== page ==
NEW YORK – Warren Buffett likens it to a nuclear attack. Economists warn that government spending on programs like Social Security would plunge. The Treasury says the economy would slide into a recession worse than the last.
Yet you wouldn’t know that a U.S. debt default could amount to a nightmare from the way many companies and investors are preparing for it: They aren’t. The assumption seems to be that in the end, Washington will find a way to avert a default.
“Doomsday is nigh, and everyone shrugs,” said Nicholas Colas, chief market strategist at CovergEx Group, an investment brokerage in New York.
Brian Doe, a wealth adviser at Gratus Capital Management in Atlanta, has 35 clients who’ve entrusted him with $50 million for safekeeping. He isn’t losing sleep over a potential default. Neither are his clients, apparently. Not one has called him about the issue, he said.
“I’ve not done anything,” he said. He puts the odds of default very low. “People in Washington are stupid but not that stupid.”
Marcello Ahn, a fund manager in Seoul, is more prepared, sort of. He doesn’t think the U.S. will default. But if it does, the economically sensitive stocks of shipbuilders and chemical companies will get hit especially hard. So he’s held off buying them.
But he hasn’t sold a single stock or made any big moves to protect his portfolio.
“We are not taking actions based on the worst-case scenario,” he said.
That worse case is inching closer. The Treasury says it will run out of money to pay its bills if Congress doesn’t increase its borrowing authority by Thursday. That includes paying interest and principal on already issued U.S. Treasurys, considered the most secure financial bet in the world.
Treasurys are used as collateral in trillions of dollars of loans rolling over every day. They are also the standard against which the riskiness of stocks and bonds are measured. A default would cast doubt on the value of those assets and throw the global financial system into chaos.
Which is a key reason many seem unprepared for it: Why bother if you can’t really protect yourself? Or, as an official response from France’s Total oil company put it, “Nobody can imagine the consequences, so we don’t have any plans.”
Neither, apparently, does Sony Corp. “There isn’t a whole lot that one company can actually do,” CEO Kazuo Hirai said Friday at the company’s Tokyo headquarters.
Still, the business world isn’t entirely unprepared. Big U.S. companies have been hoarding cash since the financial crisis for fear of another credit crunch. And financial regulators, major banks and mutual funds have moved to shore up their defenses, too.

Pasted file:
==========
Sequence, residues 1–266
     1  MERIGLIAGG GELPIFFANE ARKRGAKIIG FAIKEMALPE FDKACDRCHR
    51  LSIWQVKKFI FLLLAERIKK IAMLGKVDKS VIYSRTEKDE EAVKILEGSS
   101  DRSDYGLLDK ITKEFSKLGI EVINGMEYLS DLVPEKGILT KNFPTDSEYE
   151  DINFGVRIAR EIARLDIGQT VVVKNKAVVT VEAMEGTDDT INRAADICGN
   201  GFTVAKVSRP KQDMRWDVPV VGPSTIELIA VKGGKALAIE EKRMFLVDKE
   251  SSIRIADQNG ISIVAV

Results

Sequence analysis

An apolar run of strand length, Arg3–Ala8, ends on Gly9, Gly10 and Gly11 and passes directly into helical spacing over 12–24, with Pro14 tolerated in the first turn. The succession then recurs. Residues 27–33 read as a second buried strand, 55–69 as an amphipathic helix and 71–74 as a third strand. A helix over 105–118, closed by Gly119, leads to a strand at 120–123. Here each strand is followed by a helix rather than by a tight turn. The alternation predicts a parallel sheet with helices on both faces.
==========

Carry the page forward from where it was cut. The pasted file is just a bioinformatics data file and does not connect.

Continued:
One area of concern is Treasury bills that mature shortly after Thursday. The fear is that owners of those bills may not get their money returned to them in case of a default.
As a result, the Hong Kong stock exchange is demanding that investors who use those bills as collateral in certain trades post more of them because they are riskier now. Funds that usually are filled with Treasury bills are scrambling to protect themselves, too. In a rare move, Fidelity Investments and JP Morgan Chase said last week they had purged their money market funds of all U.S. bills coming due soon after the default deadline.
Owners of U.S government bonds due later are less likely to get stiffed. But they’re still vulnerable. In the event of a default, Standard and Poor’s and other credit-rating agencies will consider those bonds higher risk and likely downgrade them. That could cause prices to plummet, guaranteeing losses to sellers who can’t wait until the bonds mature. But the specter of a downgrade hasn’t scared many.
Insurer Allianz Group in Munich holds Treasurys in its portfolios to maturity, so a downgrade would have no effect on the company, a spokesman said.
Another area of concern is what Wall Street calls “liquidity” – the ability to access cash quickly to pay lenders and suppliers. Many companies have assets they could sell to scare up money in a pinch. But any panic in markets after a U.S. default would make it difficult to find buyers just when they are needed most. Buyers fled after the collapse of Lehman Brothers five years ago, turning a bankruptcy into a financial crisis and plunging economies around the world into recession.